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Very large rainforest tree to 120ft. Eaten fresh. Seeds are also edible. The pedalai comes from northern Borneo, the Philippines, Sulawesi and the Moluccas. It is a very rare specimen in Borneo. It is occasionally seen growing on the steep, clay hillsides of the inland regions. The foliage consists of very large (40 X 25 cms) handsome, dark green leaves, spectacularly digitately lobed when young but entire when mature. The pedalai bears some very beautiful, eye-catching, bright orange skinned fruits, globular in shape and about 15 cms in diameter. Small soft protrusions on the fruit surface sprout curly, yellow hairs like a giant rambutan. Pedalai is similar to the marang inside, but has a superior flavor, firmer flesh and slightly larger segments. The sweet, creamy-white flesh is easy to eat and like the marang the segments cling to the central core when the skin is removed. As with all the Artocarpus species the seeds are edible and those of the pedalai are considered to be some of the tastiest. They may be boiled, roasted or fried. Fruit odor is not as strong as it is with the fruit of the marang, Artocarpus odoratissimus.
Brosimum alicastrum, commonly known as the breadnut or Maya nut, is a tree species in the family Moraceae, genera including figs, mulberries and jackfruit. This tree is found on the west coast of central Mexico and in southern Mexico (Yucatán, Campeche), Guatemala, El Salvador, the Caribbean, and the Amazon.
The breadnut fruit disperses on the ground at different times throughout its range. It has a large seed covered by a thin, citrus-flavored, orange-colored skin favored by a number of forest creatures. More importantly, the large seed which is enveloped by the tasty skin is an edible nut that can be boiled or dried and ground into a meal for porridge or flatbread. Breadnut is nutritious and has value as a food source, and may have formed a part of the diet of the pre-Columbian Maya of the lowlands region in Mesoamerica. It was planted by the Maya civilization two thousand years ago and it has been claimed to have been a staple food in the Maya diet. The breadnut is high in fiber, calcium, potassium, folic acid, iron, zinc, protein and B vitamins and is very high in antioxidants. The fresh seeds can be cooked and eaten or can be set out to dry in the sun and eaten later. Stewed, the nut tastes like mashed potato; roasted, it tastes like chocolate or coffee. It can be prepared in numerous other dishes. In Guatemala, the breadnut is being cultivated for exportation and local consumption as powder, for hot beverages, and bread.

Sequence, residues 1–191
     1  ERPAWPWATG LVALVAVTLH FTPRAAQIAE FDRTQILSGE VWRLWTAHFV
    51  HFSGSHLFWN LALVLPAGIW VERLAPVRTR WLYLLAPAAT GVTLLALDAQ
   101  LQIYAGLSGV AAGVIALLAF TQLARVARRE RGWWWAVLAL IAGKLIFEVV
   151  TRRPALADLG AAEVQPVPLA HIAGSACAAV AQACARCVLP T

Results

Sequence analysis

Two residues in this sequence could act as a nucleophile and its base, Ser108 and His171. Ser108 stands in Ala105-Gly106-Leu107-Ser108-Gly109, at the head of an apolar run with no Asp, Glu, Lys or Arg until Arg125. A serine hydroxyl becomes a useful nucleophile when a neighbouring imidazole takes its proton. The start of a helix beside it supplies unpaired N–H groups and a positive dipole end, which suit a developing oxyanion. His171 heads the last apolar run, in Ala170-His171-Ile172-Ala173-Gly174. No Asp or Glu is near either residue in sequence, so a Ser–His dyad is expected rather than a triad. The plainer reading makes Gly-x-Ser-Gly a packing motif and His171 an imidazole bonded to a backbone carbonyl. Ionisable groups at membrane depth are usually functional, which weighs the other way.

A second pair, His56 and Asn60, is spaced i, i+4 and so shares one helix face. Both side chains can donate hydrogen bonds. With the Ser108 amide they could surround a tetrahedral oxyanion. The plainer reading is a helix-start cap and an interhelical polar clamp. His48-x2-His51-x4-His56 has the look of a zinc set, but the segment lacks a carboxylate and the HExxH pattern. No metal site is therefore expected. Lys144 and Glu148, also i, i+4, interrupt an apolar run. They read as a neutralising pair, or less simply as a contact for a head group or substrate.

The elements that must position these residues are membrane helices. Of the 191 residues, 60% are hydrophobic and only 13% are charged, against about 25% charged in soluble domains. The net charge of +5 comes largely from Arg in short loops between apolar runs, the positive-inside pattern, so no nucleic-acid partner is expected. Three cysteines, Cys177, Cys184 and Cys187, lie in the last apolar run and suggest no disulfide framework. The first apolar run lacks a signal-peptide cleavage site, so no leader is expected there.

The paper mulberry is one of the most adaptable and widely distributed tree species in the world. Used in Polynesia for making tapa cloth by macerating and pounding the inner bark, and in China and Japan for the making of paper. Introduced to Europe in 1750 and subsequently, North America. It is widely naturalized, particularly in the eastern US, as it is frost-hardy and reproduces both by root suckers and seed. Note the dimorphic leaves, some are irregularly lobed and others are completely unlobed. Male flowers are pendulous catkins and female are urn-shaped followed by small orange-red aggregate berries.
Castilla elastica was the principal source of latex among the Mesoamerican peoples in pre-Columbian times.
Cecropia peltata, also called trumpet-tree, is a fast growing tropical tree. Very showy tree with spreading crown and large leaves up to 24 inches wide with silver-white lower surfaces. Cylindrical, soft-flesh fruit are drooping in clusters resembling octopus. They very tasty - sweet, watery, aromatic.
See Article: How to grow Cecropia from seeds.
Close related species - Cecropia polystachya.
Dorstenia bahiensis is an interesting plant with strange looking receptacles. At maturity, seeds shoot ballistically from the mature flower/fruit heads, and they germinate readily whenever the land on soil or other moist substrate.
The plant can be propagated from cutting the rhyzomes.
It covers well exposed soil in greenhouses, dark corners, and shaded beds.